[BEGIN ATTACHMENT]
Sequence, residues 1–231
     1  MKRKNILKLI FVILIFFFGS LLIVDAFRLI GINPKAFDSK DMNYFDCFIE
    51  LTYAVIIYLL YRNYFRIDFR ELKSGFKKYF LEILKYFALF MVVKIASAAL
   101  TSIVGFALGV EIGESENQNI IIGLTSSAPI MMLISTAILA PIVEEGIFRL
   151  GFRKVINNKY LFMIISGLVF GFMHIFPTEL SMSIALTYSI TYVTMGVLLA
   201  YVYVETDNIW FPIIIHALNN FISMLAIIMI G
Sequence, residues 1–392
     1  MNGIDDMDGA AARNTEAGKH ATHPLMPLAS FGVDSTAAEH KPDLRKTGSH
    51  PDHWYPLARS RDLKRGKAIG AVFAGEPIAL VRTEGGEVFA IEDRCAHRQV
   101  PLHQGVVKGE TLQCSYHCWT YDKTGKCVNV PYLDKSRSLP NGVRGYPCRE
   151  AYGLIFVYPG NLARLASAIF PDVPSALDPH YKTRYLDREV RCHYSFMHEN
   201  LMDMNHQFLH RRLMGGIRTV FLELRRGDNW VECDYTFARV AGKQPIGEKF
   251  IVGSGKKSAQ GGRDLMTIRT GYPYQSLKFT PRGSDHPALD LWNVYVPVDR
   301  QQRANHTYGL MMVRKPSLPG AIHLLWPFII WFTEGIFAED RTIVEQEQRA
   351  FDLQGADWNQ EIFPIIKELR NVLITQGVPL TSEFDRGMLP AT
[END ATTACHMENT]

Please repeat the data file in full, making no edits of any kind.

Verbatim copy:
Sequence, residues 1–231
     1  MKRKNILKLI FVILIFFFGS LLIVDAFRLI GINPKAFDSK DMNYFDCFIE
    51  LTYAVIIYLL YRNYFRIDFR ELKSGFKKYF LEILKYFALF MVVKIASAAL
   101  TSIVGFALGV EIGESENQNI IIGLTSSAPI MMLISTAILA PIVEEGIFRL
   151  GFRKVINNKY LFMIISGLVF GFMHIFPTEL SMSIALTYSI TYVTMGVLLA
   201  YVYVETDNIW FPIIIHALNN FISMLAIIMI G
Sequence, residues 1–392
     1  MNGIDDMDGA AARNTEAGKH ATHPLMPLAS FGVDSTAAEH KPDLRKTGSH
    51  PDHWYPLARS RDLKRGKAIG AVFAGEPIAL VRTEGGEVFA IEDRCAHRQV
   101  PLHQGVVKGE TLQCSYHCWT YDKTGKCVNV PYLDKSRSLP NGVRGYPCRE
   151  AYGLIFVYPG NLARLASAIF PDVPSALDPH YKTRYLDREV RCHYSFMHEN
   201  LMDMNHQFLH RRLMGGIRTV FLELRRGDNW VECDYTFARV AGKQPIGEKF
   251  IVGSGKKSAQ GGRDLMTIRT GYPYQSLKFT PRGSDHPALD LWNVYVPVDR
   301  QQRANHTYGL MMVRKPSLPG AIHLLWPFII WFTEGIFAED RTIVEQEQRA
   351  FDLQGADWNQ EIFPIIKELR NVLITQGVPL TSEFDRGMLP AT